With the 2012 WNBA draft lottery order set Thursday and the NCAA regular season really getting going last night, this is as good a time as any to take a look at some of college basketball's top professional prospects.
James already put together a list of ten prospects to keep an eye on back in May, but with UCLA Bruins forward Jasmine Dixon falling to injury we're updating that list with an additional look at some key statistical indicators to keep an eye on throughout the season.
What makes a strong prospect?
James' list of prospects was determined statistically and for now we'll stick with that, adding other players based on observation. Last season, 11 of the 13 players James' draft rater highlighted finished the season on WNBA rosters and nine were drafted in the first round. Given that this year is widely considered a "weaker" draft, even that kind of success rate will be tougher with a preseason list but you have to start somewhere and there are ways we can try to pick out strong prospects.
Entering last season's draft, I described four (senior year) statistical factors that fairly consistently make or break WNBA Draft prospects coming out of NCAA Division I basketball: 2-point percentage, free throw rate, offensive rebounding percentage, usage rate/shooting efficiency.
As you might expect, the threshold varies by position: point guards and centers have a somewhat unique set of standards and exceptions; being a 6'6" player that has a high three point percentage isn't quite as important as offensive rebounding numbers. Nevertheless, in general the standards hold pretty well.
So as players embark upon their senior season with the WNBA Draft about six months away, we do have some benchmarks for where prospects stand now and improvements they could make that might help them make a WNBA roster. Of course, the key phrase there is "where prospects stand now and improvements": these are junior season statistics, which might give us some sense of what a player can do but don't necessarily predict what one will do in their senior season - these are not a final judgment on a prospects chances. And really, there is no clear way to make a final judgment on any player without watching them compete in training camp.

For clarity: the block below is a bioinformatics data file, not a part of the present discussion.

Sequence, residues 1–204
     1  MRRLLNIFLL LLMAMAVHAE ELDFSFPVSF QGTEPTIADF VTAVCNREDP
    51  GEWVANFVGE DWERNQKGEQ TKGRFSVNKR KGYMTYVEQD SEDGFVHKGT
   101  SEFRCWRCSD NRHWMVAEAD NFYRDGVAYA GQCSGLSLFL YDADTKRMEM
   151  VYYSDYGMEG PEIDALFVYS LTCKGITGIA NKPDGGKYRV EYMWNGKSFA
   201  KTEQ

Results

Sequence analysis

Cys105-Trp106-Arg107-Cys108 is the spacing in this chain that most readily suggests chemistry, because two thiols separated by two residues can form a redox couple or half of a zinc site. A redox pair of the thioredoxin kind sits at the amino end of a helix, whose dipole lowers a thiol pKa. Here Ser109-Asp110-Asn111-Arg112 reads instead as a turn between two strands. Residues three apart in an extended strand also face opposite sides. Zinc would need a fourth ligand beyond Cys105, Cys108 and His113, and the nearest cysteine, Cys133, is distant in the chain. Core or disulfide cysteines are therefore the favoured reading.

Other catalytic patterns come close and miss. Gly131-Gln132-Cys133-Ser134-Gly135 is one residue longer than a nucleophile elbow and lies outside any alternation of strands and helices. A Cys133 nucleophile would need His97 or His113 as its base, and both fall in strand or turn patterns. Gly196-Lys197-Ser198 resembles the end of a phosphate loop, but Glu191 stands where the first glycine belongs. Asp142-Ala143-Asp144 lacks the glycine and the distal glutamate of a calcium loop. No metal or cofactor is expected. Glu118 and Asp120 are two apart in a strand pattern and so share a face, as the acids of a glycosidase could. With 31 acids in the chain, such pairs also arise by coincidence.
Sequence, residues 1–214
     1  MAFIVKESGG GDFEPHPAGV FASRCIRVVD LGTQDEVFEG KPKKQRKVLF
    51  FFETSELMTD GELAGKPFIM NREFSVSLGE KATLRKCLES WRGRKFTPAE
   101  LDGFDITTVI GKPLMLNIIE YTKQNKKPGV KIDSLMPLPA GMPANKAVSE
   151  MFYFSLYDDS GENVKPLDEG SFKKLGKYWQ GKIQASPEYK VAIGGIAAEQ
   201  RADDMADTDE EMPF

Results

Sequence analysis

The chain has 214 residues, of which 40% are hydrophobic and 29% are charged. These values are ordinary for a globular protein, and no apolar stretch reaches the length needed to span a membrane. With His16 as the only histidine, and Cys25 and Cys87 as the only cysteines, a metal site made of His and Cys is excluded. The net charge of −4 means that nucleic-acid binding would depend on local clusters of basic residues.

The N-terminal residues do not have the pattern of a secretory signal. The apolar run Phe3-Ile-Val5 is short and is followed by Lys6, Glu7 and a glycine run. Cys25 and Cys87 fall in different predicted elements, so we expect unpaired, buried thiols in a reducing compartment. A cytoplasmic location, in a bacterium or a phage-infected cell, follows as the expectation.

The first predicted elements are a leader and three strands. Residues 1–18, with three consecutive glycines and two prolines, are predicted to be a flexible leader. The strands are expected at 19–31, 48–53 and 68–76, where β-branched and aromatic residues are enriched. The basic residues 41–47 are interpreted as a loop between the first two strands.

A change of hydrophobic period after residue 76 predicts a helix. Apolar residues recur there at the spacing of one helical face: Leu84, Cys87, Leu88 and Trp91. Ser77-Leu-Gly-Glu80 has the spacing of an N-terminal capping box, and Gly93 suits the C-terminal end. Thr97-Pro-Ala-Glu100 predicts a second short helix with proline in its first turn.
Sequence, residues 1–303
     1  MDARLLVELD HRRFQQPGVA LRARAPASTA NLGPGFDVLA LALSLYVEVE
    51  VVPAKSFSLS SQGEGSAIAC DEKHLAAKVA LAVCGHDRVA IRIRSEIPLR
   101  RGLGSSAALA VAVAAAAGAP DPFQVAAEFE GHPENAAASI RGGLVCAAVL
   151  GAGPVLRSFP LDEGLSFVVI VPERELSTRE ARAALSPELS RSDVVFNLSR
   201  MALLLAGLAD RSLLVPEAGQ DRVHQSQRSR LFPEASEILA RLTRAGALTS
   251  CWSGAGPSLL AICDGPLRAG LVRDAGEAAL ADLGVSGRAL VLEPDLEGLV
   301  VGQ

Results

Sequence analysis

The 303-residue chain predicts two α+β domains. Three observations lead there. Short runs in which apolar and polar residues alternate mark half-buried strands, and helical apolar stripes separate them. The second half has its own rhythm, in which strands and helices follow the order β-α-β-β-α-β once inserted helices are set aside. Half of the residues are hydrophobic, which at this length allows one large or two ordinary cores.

There's not a whole lot more to say about the nine healthy prospects from James' list in May, so I'll focus on the "replacement" for Dixon while adding a few statistical notes about the other players next week.
Top 2012 WNBA Draft Prospects in the NCAA
Player name/bio link, School (Height, Position)
Added: Lynetta Kizer, Maryland Terrapins (6'4", Post)
If it means anything to you - and perhaps this should be a subject of a separate line of investigation - Kizer played for the U.S. National Team this summer that won gold in China so she could be considered among the elite at her position, if nothing else. Also noteworthy from her bio is that she was All-ACC Second Team last season: ahead of her on the first team was Chicago Sky center Carolyn Swords and behind her on the third team was Phoenix Mercury center Krystal Thomas (36th and final pick of the 2011 WNBA draft, by the Seattle Storm).
Statistically, what bodes well for Kizer is that her junior year offensive rebounding percentage of 14% is pretty solid, meaning that she could be a rebounding presence for someone in the WNBA. However, her free throw rate of 29% and her true shooting percentage of 51% put her beneath the threshold of a prospect that will have a long career playing in the post, particularly in an era of 11-player rosters.
Cierra Bravard, Florida State Seminoles (6'4", Post)
Briana Gilbreath, USC Trojans (6'1", Wing)
Tiffany Hayes, Connecticut Huskies (5'10", Guard)
Glory Johnson, Tennessee Lady Vols (6'3, Forward)
Lykendra Johnson, Michigan State Spartans (6'1", Forward)
Shenise Johnson, Miami Hurricanes (5'11", Guard)
Nnemkadi Ogwumike, Stanford Cardinal (6'2", Forward)
Shekinna Stricklen, Tennessee Lady Vols (6'2", Wing)
Riquna Williams, Miami Hurricanes (5'7", Guard)